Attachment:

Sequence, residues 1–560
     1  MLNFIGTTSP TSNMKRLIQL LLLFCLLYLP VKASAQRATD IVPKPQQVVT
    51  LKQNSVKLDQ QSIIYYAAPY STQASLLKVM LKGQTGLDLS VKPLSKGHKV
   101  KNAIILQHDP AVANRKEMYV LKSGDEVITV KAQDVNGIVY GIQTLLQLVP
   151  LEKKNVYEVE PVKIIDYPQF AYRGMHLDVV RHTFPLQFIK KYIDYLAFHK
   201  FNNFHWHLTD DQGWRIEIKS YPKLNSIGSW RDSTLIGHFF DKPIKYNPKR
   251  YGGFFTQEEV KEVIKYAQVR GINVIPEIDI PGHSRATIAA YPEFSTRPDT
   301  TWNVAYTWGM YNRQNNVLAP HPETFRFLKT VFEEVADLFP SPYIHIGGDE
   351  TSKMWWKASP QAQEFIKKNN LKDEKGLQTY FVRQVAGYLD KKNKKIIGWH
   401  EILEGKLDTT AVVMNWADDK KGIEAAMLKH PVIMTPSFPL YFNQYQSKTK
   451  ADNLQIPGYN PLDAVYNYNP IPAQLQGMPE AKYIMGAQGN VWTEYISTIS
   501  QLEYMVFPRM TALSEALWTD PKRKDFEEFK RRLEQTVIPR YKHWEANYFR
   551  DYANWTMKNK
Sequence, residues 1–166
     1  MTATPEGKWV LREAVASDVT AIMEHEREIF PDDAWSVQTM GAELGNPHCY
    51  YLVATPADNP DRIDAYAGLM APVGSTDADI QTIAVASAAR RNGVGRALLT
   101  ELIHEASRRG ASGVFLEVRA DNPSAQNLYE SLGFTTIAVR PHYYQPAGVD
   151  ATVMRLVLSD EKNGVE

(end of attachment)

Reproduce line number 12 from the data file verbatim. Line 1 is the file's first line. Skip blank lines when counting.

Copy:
   501  QLEYMVFPRM TALSEALWTD PKRKDFEEFK RRLEQTVIPR YKHWEANYFR